10 Tasks, Tips and Traps for Business/Commercial Leases

Business/commercial leases can be dangerous territory for a company or business client's legal counsel. I have encountered many requests from business clients like, "If you have a few minutes, can you look over a new lease I am thinking of entering into for new or existing leased space?" and "I don't need a complete review, just the basics."

Succession Planning with Life Insurance for the Family Business, Cottage or Farm

In my experience assisting families with succession planning for legacy assets such as their family business, cottage or farm, the biggest challenge I’ve found is making sure there is enough money to pay for the immediate obligations after the current owner’s death. These obligations can be in the form of taxes, possible interruptions to business operations, and revenue and debt service. The obligations also may extend to longer-term capital needs such as paying the bills for these assets. 

Should Your Business Have a Domestic Abuse Policy?

Domestic violence has been making news headlines lately, mainly because of the high-profile cases of the National Football League players Ray Rice, Adrian Peterson and others. This publicity has drawn attention to the ambiguity surrounding the NFL’s established policy on domestic violence and other off-the-field transgressions by players.

Factors to Consider

Is Your Business Vulnerable to a Civil Rights Violation Complaint?

Title VII of the Civil Rights Act of 1964 prohibits the creation of a hostile work environment based on the prohibited forms of discrimination, such as discrimination based on sex or race. To hold an employer liable for the harassment, the plaintiff must show that the work environment was so pervaded by discrimination that the terms of employment were altered. Isolated or trivial occurrences are not likely to be sufficient.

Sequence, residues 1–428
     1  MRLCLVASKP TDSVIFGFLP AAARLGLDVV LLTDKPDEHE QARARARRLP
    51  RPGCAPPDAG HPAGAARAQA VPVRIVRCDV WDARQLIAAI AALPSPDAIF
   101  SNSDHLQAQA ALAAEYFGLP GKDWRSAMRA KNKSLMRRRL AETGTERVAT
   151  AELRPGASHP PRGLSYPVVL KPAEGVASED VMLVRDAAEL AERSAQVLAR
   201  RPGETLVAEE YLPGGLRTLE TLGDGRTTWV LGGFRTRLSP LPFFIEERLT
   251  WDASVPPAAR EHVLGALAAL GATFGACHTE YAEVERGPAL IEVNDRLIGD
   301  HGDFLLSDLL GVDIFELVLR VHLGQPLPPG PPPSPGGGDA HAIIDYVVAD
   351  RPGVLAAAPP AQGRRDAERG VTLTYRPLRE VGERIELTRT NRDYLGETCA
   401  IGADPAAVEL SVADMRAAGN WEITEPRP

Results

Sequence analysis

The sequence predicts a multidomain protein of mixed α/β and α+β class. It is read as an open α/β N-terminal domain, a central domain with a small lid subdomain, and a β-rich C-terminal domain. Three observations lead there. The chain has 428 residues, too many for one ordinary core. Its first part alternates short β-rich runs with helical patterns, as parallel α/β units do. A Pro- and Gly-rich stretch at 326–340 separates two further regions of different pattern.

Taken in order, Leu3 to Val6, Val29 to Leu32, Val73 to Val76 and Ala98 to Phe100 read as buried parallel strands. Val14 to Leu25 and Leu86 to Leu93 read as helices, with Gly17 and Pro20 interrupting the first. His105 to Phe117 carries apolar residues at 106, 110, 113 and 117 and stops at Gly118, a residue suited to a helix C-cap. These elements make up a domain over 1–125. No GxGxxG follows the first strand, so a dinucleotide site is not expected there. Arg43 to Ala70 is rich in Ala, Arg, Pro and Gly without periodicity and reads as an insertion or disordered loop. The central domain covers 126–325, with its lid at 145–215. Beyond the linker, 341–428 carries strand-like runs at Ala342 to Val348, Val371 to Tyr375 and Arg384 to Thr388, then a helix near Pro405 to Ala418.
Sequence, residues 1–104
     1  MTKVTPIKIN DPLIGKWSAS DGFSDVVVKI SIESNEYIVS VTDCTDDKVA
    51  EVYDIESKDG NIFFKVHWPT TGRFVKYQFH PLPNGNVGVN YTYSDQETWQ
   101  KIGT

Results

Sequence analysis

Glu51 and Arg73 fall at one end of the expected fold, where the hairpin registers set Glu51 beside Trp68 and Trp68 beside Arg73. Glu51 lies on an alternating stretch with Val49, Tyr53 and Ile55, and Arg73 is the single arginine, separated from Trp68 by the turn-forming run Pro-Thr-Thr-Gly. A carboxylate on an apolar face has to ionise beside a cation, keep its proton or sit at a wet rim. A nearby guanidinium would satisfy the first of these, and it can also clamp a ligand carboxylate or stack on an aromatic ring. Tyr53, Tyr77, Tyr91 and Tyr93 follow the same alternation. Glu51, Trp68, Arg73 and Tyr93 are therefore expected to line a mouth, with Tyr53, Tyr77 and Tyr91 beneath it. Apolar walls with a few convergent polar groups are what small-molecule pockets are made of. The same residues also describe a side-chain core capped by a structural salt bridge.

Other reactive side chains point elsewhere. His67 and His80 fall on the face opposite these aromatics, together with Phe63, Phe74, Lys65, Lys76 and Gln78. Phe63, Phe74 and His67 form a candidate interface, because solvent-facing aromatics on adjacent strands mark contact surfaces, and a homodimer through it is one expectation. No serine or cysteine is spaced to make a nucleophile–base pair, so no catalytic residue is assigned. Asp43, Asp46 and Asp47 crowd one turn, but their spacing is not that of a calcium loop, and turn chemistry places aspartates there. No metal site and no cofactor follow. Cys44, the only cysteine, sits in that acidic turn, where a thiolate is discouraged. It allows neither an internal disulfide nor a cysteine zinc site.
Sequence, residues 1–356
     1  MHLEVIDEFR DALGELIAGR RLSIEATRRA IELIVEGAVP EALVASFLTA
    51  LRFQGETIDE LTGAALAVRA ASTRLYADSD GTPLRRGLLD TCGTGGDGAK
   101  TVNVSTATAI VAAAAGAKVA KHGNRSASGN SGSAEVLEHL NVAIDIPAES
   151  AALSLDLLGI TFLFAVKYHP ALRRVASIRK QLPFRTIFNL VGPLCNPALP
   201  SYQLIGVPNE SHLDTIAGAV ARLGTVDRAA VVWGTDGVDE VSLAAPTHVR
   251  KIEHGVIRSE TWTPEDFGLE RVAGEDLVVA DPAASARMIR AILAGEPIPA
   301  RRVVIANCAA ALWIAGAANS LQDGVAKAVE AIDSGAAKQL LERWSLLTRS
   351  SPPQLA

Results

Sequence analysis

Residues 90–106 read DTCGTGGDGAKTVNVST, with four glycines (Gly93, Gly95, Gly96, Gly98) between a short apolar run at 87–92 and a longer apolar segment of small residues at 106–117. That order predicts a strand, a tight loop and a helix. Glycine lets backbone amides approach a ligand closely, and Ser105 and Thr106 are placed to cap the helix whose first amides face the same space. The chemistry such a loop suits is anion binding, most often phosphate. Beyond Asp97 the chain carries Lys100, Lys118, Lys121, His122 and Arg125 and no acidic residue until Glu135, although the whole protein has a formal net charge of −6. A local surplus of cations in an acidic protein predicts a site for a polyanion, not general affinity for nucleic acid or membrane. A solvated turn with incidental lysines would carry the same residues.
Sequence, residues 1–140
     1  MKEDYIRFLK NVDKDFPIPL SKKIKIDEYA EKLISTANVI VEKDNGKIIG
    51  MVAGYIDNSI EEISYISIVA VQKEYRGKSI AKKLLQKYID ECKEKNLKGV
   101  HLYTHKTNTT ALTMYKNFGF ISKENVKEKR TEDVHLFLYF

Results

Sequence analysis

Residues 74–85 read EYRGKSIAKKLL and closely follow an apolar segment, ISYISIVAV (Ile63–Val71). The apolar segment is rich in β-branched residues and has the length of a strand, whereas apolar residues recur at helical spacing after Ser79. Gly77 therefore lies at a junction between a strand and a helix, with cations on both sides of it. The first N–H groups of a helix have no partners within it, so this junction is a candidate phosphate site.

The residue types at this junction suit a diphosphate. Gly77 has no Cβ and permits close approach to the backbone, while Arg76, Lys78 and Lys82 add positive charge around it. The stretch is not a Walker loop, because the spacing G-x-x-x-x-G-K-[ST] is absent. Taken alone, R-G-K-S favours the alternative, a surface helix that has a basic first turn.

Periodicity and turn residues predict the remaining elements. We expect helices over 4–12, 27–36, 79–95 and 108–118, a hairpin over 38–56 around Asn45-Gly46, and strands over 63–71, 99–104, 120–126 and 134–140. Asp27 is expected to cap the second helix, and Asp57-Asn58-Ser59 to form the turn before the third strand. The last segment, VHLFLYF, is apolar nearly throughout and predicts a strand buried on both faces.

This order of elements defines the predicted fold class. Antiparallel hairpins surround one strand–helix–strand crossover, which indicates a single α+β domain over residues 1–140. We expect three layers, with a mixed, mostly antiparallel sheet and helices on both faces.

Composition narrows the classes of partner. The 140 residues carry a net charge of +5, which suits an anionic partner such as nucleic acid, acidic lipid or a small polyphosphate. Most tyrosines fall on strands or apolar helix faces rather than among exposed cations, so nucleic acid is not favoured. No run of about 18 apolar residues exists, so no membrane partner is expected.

Are You A Great Leader? How Effective Are You as a Business Owner, Executive, Manager, Employee Or Even a Parent in Leading Those Closest to You?

It is an honor to introduce my friend and colleague Dr. Tim Irwin’s latest book, Impact: Great Leadership Changes Everything.

Dr. Irwin and I have worked together on behalf of common clients and collaborated on many projects together. Tim is one of the smartest people I know and has developed keen insights into the subject of leadership through his 25 years of experience and work with leaders of global companies.

Firing A Family Member Employee - Can You Fire A Family Member Employee and Still Keep the Family Together?

One of the biggest challenges in managing a family-owned business is firing an underperforming family member. Ideally, all of the family members working in the business recognize and agree to the need for firing a family member. I have found in these situations that it is difficult to engage in a process that can be accomplished in a way that relationships are maintained and where everyone can still attend family functions in the future with no underlying ill will or bitterness remaining between family members.

The Winter of 2014 – Slip Sliding Away ... How Accumulations of Ice and Snow Affect Property Owners' Liabilities to Third Parties

Under most states’ premises liability laws, a landowner owes duty to use reasonable care to protect individuals from unreasonable risks of harm posed by dangerous conditions on the owner’s land. This duty is breached when the owner knows or should know of a dangerous condition on the premises of which the third party is unaware and failed to fix the defect, guard against the defect or warn the third party of the defect.

The “Status” of a Third-Party Visitor to the Premises Dictates the Landowner’s Duty

Year-End Tax Planning Strategies for Individuals and Businesses

Tax Planning is critical at the end of the year. Here are some ideas to contemplate, along with the tried and true year-end tax savings techniques.

Individual Tax Strategies:

1) Game – The Standard Deduction

Planning: It's Not About Where You Are, But Where You Are Going

One of the challenges I often encounter in my practice, particularly in cottage succession planning and family business situations, is that clients tend to focus on how things work in the present. They assume that present methods of management, problem-solving, payment of expenses, use of the family cottage and how ownership interest would be transferred will work the same way in the future. That is a risky assumption.